I enjoyed the second book even more than the first, as we encounter the first person narrative of ‘Rupert’ who lives in a vast (really vast) university campus run as a totalitarian regime, which has just undergone a bloody revolution. How this ties in with what Rudi has discovered in the first book takes quite a while to emerge.

It was really worthwhile re-reading the books. So much of what is going on in earlier parts of the narrative is explained by what comes later that you are almost compelled to go back and read those earlier passages again. It’s a tribute to how good the writing is that all three books were just as enjoyable to read again so soon.

Gosh these books are good! Puzzling, challenging, but very good. Written, by someone who seems to know Eastern Europe (and the restaurant trade) very well; very clever plotting; really original concepts; great characterisation. I loved them and look forward to reading more from this author.
… (more)
 
Flagged
davidrgrigg | 10 other reviews | Mar 23, 2024 |
Europe in Autumn; Europe at Midnight; Europe in Winter ~ Dave Hutchinson

The first book in this ‘Fractured Europe’ series was recommended to me by a friend, and I bought it as a ebook for a few dollars. Then I rapidly went out and bought the second. The third, maddeningly, wasn’t yet released, but I placed it on pre-order and it arrived a couple of weeks ago.

So I read these three books in a matter of a few weeks. And then I turned around and immediately read them all through again from cover to cover, and I’m glad I did — so much I had missed or not understood now became clear(er). But even now I’m not sure that I fully understand what has been going on, and I’m wondering if there will be a fourth or fifth book in the series which may reveal more. Talk about ‘a riddle, wrapped in a mystery, inside an enigma’! (A not-inappropriate quotation, as it turns out).

Where to start? Well, first we have to set the scene, which is the near-term future in Europe after the European Union has essentially broken up back into its individual nations. But the rot hasn’t stopped there, and there’s a wave of independent nations, principalities or ‘polities’ breaking off from those nations, as regional and ethnic loyalties come to the fore. This reaches an almost absurd degree, with in some cases a few blocks of some cities declaring their independence. The whole concept of the Schengen Treaty of doing away with borders in Europe is now a sad, half-forgotten joke. Borders and border controls are everywhere.

Even more interesting, a trans-continental railway line has been built from Spain through to Eastern Sibera. On its completion the company promptly declares the railway and the land immediately surrounding it to be sovereign territory, and that the Line is now an independent nation. The Line’s stations are Consulates. One needs a visa to travel on the train, and to become a citizen to work for the Line. The author somehow makes this all seem perfectly rational.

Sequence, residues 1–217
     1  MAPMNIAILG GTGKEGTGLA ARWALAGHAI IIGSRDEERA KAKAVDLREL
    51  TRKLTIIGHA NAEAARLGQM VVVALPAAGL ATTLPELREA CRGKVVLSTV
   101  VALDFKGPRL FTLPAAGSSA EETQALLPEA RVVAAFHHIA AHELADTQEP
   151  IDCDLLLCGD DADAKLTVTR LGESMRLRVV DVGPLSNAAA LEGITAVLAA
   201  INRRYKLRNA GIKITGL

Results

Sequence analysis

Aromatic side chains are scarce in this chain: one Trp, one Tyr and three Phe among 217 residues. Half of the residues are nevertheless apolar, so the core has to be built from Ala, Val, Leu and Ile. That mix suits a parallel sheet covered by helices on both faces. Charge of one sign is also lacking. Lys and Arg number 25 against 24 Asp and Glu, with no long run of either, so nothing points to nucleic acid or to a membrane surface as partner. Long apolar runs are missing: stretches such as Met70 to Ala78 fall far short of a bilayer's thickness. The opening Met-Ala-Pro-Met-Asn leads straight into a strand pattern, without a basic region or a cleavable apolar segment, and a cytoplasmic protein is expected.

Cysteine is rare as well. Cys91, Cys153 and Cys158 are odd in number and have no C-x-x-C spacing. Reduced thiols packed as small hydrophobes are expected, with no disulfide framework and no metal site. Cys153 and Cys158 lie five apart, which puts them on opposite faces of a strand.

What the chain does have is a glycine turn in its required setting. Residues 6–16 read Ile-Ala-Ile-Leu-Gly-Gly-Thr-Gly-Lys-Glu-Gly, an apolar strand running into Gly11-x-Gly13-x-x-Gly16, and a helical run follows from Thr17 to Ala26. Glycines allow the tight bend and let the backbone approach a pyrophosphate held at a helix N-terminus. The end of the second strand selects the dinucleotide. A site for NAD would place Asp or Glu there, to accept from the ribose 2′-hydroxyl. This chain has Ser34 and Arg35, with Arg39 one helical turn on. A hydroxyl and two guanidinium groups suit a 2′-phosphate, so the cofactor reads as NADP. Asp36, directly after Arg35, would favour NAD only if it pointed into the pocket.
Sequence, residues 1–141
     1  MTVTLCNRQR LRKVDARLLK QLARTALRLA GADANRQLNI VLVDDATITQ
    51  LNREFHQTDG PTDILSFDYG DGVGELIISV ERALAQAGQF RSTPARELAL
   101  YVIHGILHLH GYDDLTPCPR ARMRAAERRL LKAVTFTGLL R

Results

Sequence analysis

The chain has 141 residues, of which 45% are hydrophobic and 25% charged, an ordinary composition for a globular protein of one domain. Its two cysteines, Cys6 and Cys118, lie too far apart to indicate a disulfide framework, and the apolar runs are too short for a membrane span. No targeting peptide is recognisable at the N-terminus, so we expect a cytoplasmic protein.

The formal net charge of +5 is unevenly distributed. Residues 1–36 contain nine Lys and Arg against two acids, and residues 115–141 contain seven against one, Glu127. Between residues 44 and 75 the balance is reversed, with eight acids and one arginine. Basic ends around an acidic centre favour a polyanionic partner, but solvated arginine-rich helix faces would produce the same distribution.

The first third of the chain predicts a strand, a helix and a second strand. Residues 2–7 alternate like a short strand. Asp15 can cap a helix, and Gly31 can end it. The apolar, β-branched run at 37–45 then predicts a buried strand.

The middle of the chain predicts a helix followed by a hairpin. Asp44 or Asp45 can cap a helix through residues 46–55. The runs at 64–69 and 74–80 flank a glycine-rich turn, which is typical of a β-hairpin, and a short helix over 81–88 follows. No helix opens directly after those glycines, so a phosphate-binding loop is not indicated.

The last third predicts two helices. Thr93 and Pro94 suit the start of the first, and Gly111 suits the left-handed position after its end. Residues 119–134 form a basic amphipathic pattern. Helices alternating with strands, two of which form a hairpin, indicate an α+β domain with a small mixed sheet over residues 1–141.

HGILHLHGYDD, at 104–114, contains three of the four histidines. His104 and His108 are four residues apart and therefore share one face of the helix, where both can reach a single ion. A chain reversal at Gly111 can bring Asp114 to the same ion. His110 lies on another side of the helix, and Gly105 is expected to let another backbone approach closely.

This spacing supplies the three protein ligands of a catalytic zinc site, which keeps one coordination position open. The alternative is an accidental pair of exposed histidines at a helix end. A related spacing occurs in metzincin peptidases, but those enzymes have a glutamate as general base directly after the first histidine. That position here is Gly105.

We’re introduced to Rudi, the young Estonian-born chef at Restaurant Max in Kraków, in Poland. Through some shady connections of his boss Max, Rudi is eventually recruited into a shadowy organisation called Les Coureurs de Bois (“the runners of the woods”?). It’s kind of a courier operation, carrying mail and packages from one nation to another — something no longer easy, or even necessarily legal. It’s like a cross between a courier company, a smuggling ring, and an espionage outfit. Most governments heavily disapprove of it.

For most of the first book, we’re learning about Rudi and following him on the various Situations he’s placed in from time to time (while still mostly working as a chef). Some of these go well, a few go wrong, and eventually disastrously wrong. Something very strange is going on, and Rudi finds that he is being hunted and that his life is in danger. All of this (other than the slighly futuristic setting) has the engaging fascination of a spy thriller, or perhaps one of the Jason Bourne movies. Apart from the occasional use of advanced technology like ‘stealth suits’, this all seems barely like science fiction at all.

I can’t describe too much more without spoilers. Suffice it to say that about 80% through the first book, Rudi has finally tracked down what a dying former Coureur tells him is ‘the proof’. It’s in the deciphering of this proof that Rudi discovers a secret which does plunge us into real science fiction territory.

I enjoyed the second book even more than the first, as we encounter the first person narrative of ‘Rupert’ who lives in a vast (really vast) university campus run as a totalitarian regime, which has just undergone a bloody revolution. How this ties in with what Rudi has discovered in the first book takes quite a while to emerge.

It was really worthwhile re-reading the books. So much of what is going on in earlier parts of the narrative is explained by what comes later that you are almost compelled to go back and read those earlier passages again. It’s a tribute to how good the writing is that all three books were just as enjoyable to read again so soon.

Gosh these books are good! Puzzling, challenging, but very good. Written, by someone who seems to know Eastern Europe (and the restaurant trade) very well; very clever plotting; really original concepts; great characterisation. I loved them and look forward to reading more from this author.
… (more)
 
Flagged
davidrgrigg | 18 other reviews | Mar 23, 2024 |
Maybe I’m getting old but I found this a difficult read. Three separate female POV characters, operating in different years (we eventually discover) plus flashbacks of their earlier lives, often without quick identification of whose story we are following. It would all be much clearer on a second read, but I’m not sure I want to do that.

Still, that aside, it’s an interesting enough extension of Hutchinson’s Fractured Europe scenario.
 
Flagged
davidrgrigg | 1 other review | Mar 23, 2024 |

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Statistics

Works
44
Also by
16
Members
1,357
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Rating
3.8
Reviews
106
ISBNs
52
Languages
4
Favorited